Scheme 4. Intramolecular cyclopropanations of alkenyllactams towards tricyclic cyclopropylamines9
Scheme 5. Intramolecular Kulinkovich-de Meijere reactions of amides bearing disubstituted alkene moieties10
Under the typical conditions, simple thioamides 17 upon treatment with alkylmagnesium halides in the presence of Ti(OiPr)4 underwent a drastically different reaction, namely a reductive alkylation affording tertiary amines 18, even in the presence of styrene as a favorable ligand-exchange candidate.
Scheme 6. Inter- and intramolecular transformations of thioamides upon treatment with alkylmagnesium halides and titanium tetraisopropoxide11
However, with an N-alkenyl group in the thioamide, such as in 19, the compound undergoes the intramolecular cyclopropanation, albeit by a mechanism which is slightly different from that of the corresponding N-alkyl-N-alkenylamides. Thus, 2-azabicyclo[3.1.0]hexanes 20 were prepared from N-(but-3-enyl)thioamides 19 in good to very good yields (Scheme 6).11 With a few exceptions, the thioamides are as efficiently converted to this framework as amides, but less productive for larger 2-azabicyclo[4.1.0]heptanes and 2-azabicyclo[5.1.0]octanes.
Several attempts to facilitate the generation of titanacyclopropane intermediates gave mixed results. Although active organometallic species formed from Ti(OiPr)4 and nBuLi possessed properties similar to those of a titanacyclopropane, it was surprisingly more stable as well as less reactive than the intermediate from Grignard reagents and Ti(OiPr)4. Thus, this protocol has only found rather limited synthetic applications.12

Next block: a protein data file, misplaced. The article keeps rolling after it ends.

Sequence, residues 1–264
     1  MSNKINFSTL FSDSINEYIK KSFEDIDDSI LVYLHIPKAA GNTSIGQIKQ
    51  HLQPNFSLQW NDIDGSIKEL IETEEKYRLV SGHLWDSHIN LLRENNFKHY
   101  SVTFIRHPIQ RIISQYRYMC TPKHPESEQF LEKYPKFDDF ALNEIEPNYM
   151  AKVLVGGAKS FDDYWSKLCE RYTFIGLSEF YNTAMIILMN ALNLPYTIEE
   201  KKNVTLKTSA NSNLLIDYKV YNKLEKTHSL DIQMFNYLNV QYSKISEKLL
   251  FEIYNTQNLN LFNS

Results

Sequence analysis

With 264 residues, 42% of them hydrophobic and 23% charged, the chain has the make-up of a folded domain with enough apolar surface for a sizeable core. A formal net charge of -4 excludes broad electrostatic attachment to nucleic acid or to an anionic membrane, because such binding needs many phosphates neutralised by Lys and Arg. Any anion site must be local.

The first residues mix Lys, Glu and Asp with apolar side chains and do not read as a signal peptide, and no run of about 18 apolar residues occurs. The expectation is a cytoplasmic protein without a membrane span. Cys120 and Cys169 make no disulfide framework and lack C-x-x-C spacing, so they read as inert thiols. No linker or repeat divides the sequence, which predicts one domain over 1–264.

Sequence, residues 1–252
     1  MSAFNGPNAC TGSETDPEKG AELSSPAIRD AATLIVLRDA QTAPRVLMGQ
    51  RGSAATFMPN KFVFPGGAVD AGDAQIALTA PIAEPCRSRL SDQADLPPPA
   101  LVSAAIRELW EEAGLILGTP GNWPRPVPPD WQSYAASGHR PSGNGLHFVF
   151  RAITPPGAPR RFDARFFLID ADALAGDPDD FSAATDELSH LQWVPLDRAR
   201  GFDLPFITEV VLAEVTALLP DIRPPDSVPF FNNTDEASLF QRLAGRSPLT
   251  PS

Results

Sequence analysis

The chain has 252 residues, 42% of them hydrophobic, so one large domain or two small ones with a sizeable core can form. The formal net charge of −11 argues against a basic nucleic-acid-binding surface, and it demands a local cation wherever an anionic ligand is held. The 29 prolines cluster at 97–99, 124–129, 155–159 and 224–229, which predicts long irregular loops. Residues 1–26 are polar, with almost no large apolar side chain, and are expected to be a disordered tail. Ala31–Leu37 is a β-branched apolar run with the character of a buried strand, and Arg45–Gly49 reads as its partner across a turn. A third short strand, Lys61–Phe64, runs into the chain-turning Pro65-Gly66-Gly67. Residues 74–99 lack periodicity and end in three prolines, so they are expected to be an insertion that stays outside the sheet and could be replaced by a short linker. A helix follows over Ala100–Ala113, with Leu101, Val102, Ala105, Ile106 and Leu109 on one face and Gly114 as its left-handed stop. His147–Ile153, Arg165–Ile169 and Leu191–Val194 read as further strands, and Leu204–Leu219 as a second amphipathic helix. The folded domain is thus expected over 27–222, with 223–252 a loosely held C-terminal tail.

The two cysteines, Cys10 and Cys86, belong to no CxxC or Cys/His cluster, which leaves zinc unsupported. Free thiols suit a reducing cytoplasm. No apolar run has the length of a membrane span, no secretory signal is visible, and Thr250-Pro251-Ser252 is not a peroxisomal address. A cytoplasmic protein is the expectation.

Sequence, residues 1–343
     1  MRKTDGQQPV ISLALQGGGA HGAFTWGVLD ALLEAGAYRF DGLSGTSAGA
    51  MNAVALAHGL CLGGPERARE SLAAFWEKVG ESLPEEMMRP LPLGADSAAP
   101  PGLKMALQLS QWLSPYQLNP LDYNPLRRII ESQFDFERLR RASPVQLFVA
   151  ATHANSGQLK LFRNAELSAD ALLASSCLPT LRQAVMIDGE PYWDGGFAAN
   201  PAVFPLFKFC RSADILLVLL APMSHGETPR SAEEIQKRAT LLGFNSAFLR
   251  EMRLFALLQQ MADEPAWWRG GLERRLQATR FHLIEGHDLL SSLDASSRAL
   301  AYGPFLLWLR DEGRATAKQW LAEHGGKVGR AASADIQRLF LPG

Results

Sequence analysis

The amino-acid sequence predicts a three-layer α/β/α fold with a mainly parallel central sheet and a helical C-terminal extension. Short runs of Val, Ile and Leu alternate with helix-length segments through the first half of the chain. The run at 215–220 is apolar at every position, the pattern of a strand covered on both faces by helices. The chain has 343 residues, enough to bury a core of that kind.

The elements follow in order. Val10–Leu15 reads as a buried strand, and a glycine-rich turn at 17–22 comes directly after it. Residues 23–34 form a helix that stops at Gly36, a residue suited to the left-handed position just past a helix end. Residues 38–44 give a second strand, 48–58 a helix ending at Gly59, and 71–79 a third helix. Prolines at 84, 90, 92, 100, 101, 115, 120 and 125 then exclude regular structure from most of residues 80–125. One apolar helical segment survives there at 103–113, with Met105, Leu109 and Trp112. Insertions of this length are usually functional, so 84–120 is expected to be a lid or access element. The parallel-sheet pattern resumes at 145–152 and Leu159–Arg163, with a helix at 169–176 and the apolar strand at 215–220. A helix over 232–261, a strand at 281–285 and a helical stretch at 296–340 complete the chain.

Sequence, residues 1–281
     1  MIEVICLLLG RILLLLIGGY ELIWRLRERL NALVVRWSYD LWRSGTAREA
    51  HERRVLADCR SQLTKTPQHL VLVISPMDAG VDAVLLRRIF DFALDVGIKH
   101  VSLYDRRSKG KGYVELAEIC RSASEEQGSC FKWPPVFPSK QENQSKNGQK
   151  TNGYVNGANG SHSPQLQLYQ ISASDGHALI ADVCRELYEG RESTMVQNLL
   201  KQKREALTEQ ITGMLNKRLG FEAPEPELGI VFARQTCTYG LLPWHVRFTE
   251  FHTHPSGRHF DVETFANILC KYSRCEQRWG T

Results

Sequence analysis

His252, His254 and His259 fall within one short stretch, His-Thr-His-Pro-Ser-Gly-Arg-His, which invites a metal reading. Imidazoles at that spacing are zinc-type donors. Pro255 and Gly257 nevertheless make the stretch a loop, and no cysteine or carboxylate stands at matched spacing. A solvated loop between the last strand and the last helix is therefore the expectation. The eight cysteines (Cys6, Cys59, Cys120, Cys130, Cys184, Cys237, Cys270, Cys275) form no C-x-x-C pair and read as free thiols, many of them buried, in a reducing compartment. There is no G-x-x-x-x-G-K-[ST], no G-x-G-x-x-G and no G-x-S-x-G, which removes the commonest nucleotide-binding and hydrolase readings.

Selected New Examples of Kulinkovich-de Meijere Cyclopropanations towards Practically Useful Compounds
The majority of reductive cyclopropanations of amides was performed with the intention to obtain biologically active or other practically useful compounds. Although a number of competition experiments have disclosed that the reactivities towards reductive cyclopropanation decrease in the order nitriles > amides > esters, both the amide and the ester moiety in the suberic acid derivative 21 could be transformed with a large enough excess of reagents to yield 22 with cyclopropanol and cyclopropylamine fragments (Scheme 7).13
Scheme 7. Twofold cyclopropanation of a suberic acid amide ester13
Scheme 8. Titanium-mediated cyclopropanation of 3-benzyloxypropionic acid N,N-dibenzylamide (23)14
The titanium-mediated cyclopropanation of 3-benzyloxypropionic acid N,N-dibenzylamide (23) afforded N,N-dibenzyl-N-[1-(2-benzyloxyethyl)-2-ethenylcyclopropyl]amine (24) in 56% yield. The latter was further transformed into cyclopropyl analogues of β-homoornithine 26 and β-homoglutamic acid 25 in nine and six simple steps, respectively, as building blocks for potentially biologically relevant small peptide analogues (Scheme 8).14 Cyclopropane‐annelated amino‐substituted pyrrolizidine derivatives 2715 as well as the key intermediate 28 for the synthesis of 3,4-(aminomethano)proline 2916 were obtained in good yields utilizing the titanium‐mediated ligand exchange aminocyclopropanation methodology in its intra- and intermolecular version, respectively (Scheme 9).
Scheme 9. Preparation of aminosubstituted 3-azabicyclo[3.1.0]hexanes 27, 28
Scheme 10. Synthesis of a precursor to conformationally locked versions of L-deoxythreosyl phosphonate nucleosides 3117
Conformationally restricted versions of L-deoxythreosyl phosphonate nucleosides were synthesized by Marquez et al.17 in order to investigate the conformational preference of the HIV reverse transcriptase. The key intermediates 30 en route to the enantiomeric diaxially disposed 4-(6-amino-9H-purin-9-yl)bicyclo[3.1.0]hexan-2-ol carbocyclic nucleoside 31 were assembled employing an intramolecular Kulinkovich-de Meijere reductive cyclopropanation of the appropriately substituted hexenoic acid N,N-dibenzylamide (Scheme 10).
Scheme 11. Reductive aminocyclopropanations in the preparation of building blocks for inhibitors of monoamine oxidase18